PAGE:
REVIEW: The Man Standing Next (2021)
The Man Standing Next is loosely based around the assassination of Park Chung-Hee, who served as President of South Korea between 1963 and 1979. He was well known as a dictator who sought to silence his opposition and gain complete control over the military. He was assassinated by Kim Jae-gyu, one of his closest allies, who was later hanged for committing this murder. This film dramatises these events and uses a considerable amount of creative license to fill in the gaps where there is no factual information available. Park Chung-Hee becomes President Park (Lee Sung-min) and Kim Jae-gyu turns into Kim Gyu-pyeong (Lee Byung-hun) and the film presupposes that there had always been underlying tension between the two. Some will call it historical fiction, others will argue that it is a docudrama. In the end, that doesn’t really matter when it comes to producing a compelling drama and, on an entertainment level, it does not always deliver the goods.
It is most effective as an exploration of the curious dynamic between a dictator and his closest advisors. Park seems to follow the maxim, “Keep your friends close and your enemies closer” and works to throw his advisors off and stop them from pinning him down on any issue. On his part, it is a smart move to give his biggest rivals a taste of power, thereby neutralising them as a threat. He can offer them a considerable amount of authority and power, but he can never fully trust them. Their bonds seem to exist because of their awareness of the fact that any attempt to take out Park could topple the power structure that has given them a sense of security. After an assassination, there is a desperate scramble for power and Park’s underlings seem to be aware of the fact that a military coup d’état would destroy their chances at becoming a dictator. They might be executed by members of the new government and they exist in a society where their titles no longer mean anything. If there were any indication that they could easily slot into Park’s position, they would not hesitate before murdering him. There is no trust between any of these men and this means that every line feels as though it is calculated to send a message. All of the fraught tension that swirls around in the government meeting scenes, is enough to increase your heart rate and remind you that this is set up as a thriller of sorts.
The film is so successful in making observations about the behaviour displayed by political advisors, that you keep waiting for the dialogue to feel more specific to this era or these different individuals. So much of it sounds unbearably generic and rather television movie-esque at times. The use of exposition is especially troubling, as it destroys the illusion of the filmmakers trusting the audience to follow along with the story that they are telling. Rather than finding sly, subtle ways to drop in information about new characters, they typically spew out a bunch of biographical information in a completely unnatural manner. The introductions will begin with them announcing that they have known the main character for years and consider them to be a very close friend. This only makes it all the more befuddling when they proceed to speak to them as though they are going through some sort of interrogation. None of the conversations are pitched at the right tone and because most of the characters behave in a similar way, it is hard to get excited about many of the arguments that occur. You typically need a clash of personalities for a dispute to be engaging and The Man Standing Next does not deliver the goods in that regard.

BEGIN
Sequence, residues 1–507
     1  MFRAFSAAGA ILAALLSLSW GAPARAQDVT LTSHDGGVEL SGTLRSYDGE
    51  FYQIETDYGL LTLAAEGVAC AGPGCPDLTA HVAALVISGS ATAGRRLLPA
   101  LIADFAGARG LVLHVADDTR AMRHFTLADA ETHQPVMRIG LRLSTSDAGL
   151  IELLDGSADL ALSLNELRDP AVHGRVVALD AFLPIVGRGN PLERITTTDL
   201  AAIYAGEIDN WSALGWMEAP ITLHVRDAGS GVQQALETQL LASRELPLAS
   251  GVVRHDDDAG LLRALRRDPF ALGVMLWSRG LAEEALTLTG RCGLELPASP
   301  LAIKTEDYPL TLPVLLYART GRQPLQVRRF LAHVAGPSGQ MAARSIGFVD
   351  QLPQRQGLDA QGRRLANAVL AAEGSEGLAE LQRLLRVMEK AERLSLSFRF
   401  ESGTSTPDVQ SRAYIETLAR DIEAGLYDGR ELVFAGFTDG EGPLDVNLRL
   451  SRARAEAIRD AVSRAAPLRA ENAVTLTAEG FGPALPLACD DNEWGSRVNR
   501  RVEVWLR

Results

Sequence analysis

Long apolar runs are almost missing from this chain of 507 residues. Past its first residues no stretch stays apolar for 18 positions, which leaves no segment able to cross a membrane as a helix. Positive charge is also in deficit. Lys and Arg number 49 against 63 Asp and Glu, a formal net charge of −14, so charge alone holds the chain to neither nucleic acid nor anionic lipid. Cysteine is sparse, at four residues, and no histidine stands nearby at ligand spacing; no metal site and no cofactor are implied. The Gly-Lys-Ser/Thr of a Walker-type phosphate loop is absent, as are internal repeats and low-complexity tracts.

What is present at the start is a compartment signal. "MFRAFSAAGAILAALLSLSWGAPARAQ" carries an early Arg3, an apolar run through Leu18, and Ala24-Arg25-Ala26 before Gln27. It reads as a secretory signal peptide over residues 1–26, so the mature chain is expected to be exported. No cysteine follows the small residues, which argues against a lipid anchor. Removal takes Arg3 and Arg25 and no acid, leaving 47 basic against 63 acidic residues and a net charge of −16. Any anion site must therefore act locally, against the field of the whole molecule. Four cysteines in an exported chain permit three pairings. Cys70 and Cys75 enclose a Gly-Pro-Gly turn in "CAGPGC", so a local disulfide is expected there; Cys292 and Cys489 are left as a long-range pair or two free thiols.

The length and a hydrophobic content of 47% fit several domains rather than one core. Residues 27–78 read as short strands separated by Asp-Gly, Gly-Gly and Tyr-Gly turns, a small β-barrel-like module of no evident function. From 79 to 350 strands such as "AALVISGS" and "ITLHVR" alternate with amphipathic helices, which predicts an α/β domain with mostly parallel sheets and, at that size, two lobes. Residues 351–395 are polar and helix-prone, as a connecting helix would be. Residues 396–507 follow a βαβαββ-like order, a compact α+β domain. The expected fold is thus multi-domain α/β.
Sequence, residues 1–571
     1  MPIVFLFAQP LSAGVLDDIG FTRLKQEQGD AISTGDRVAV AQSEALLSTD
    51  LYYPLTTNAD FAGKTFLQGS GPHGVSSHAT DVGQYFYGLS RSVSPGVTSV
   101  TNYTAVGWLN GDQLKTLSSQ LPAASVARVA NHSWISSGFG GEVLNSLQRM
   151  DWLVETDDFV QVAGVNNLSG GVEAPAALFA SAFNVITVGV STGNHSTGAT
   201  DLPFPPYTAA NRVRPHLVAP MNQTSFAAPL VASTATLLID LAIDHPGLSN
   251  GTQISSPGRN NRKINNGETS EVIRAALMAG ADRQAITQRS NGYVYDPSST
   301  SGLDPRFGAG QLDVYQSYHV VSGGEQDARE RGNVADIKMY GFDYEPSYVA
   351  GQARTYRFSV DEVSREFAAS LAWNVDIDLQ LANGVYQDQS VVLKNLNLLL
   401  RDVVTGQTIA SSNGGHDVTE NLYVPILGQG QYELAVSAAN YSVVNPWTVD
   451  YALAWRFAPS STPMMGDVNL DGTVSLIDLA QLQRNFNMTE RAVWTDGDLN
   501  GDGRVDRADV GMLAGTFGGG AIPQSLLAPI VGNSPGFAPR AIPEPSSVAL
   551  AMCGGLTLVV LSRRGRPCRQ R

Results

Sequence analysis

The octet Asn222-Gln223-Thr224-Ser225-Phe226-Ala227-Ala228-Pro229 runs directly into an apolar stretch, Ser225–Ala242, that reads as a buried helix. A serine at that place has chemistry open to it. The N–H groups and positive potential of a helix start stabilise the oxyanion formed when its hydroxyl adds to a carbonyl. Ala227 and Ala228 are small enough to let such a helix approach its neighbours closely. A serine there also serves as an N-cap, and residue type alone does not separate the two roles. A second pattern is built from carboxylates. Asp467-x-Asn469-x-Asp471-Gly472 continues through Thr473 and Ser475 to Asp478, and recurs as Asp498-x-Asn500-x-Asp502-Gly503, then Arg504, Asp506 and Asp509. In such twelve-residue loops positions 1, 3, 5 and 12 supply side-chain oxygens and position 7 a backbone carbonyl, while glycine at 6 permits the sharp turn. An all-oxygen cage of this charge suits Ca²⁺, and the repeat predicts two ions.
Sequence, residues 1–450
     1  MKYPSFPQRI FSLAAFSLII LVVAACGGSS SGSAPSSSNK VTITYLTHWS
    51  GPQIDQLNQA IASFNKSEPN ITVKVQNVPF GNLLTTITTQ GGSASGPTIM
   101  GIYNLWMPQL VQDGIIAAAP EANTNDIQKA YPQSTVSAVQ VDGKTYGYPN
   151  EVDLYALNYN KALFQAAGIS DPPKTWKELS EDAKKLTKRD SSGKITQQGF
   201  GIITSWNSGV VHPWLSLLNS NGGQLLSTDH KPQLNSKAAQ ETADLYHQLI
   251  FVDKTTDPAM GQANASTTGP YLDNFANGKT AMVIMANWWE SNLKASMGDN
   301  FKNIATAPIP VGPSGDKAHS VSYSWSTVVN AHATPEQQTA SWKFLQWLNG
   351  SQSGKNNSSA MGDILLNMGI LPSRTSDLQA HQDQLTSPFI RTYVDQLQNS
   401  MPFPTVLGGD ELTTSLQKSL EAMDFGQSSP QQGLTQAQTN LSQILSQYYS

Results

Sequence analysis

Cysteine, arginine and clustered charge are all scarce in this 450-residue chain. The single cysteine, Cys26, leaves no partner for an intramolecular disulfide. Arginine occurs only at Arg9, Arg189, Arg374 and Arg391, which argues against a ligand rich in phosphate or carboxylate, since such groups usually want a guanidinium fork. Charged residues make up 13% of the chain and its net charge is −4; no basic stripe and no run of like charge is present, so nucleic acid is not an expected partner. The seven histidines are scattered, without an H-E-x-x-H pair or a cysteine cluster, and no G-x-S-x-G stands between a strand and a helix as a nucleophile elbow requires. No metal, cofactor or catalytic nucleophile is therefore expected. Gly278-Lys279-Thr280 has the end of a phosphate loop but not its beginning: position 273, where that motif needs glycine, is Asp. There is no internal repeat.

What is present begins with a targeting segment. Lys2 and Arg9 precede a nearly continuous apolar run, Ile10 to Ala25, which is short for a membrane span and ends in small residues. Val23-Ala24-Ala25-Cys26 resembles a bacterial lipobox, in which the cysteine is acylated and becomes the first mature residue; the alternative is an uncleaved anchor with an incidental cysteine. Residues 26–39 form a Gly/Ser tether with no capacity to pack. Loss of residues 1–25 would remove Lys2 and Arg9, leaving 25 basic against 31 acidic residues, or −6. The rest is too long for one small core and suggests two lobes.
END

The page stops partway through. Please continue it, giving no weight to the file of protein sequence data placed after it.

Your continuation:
If it is a bit patchy on a couple of levels, Lee’s performance is a model of consistency. He plays Kim – a stoic, emotionally repressed straight arrow who might not be as squeaky clean as he thinks he is. One suspects that he might be patterning his performance off of Gene Hackman’s legendary portrayal of Harry Caul in The Conversation (1974). He has the same stony-faced expression and indignant response to every instance in which a person brings up his dark past. It is one of those intensely focused performances that Lee frequently turns out. He is firmly in his comfort zone but there is nothing wrong with doing what you are good at. He relies on his strengths and trusts that his natural charisma will keep the audience on his character’s side when he isn’t being entirely sympathetic. He can’t hold a candle to Hackman, but he also suffers from the fact that he is not working with talent on the level of Francis Ford Coppola.
The film also invites comparisons to The Conversation because it aims to create the same environment of fear and claustrophobia that Bill Butler, Walter Murch and Richard Chew brought to that classic. The focus on seemingly mundane government buildings and their overwhelming blandness is used to reinforce the anhedonia that these characters experience. As they drink alcohol or sit down for an early lunch, they do it with a sigh. All of this imagery is reminiscent of the party scene in The Conversation, but it lacks the 1970s authenticity that could have driven the point home. Everything looks a little too shiny here and there is none of the griminess that seemed to define New Hollywood cinema. Every character should have been sweating profusely and not everybody needed to be wearing bell bottom jeans and giant sunglasses whilst smoking their cigarettes. They went a little too far in adhering to 1970s stereotypes and risked entering into Anchorman: The Legend of Ron Burgundy (2004) territory. This is always a problem with period dramas but with great craftsmen on hand, this can be avoided.
Fans of Alan J. Pakula’s 1970s oeuvre will be irresistibly drawn to something like this. With more promotion, this could even achieve popularity with those who exist outside of that realm.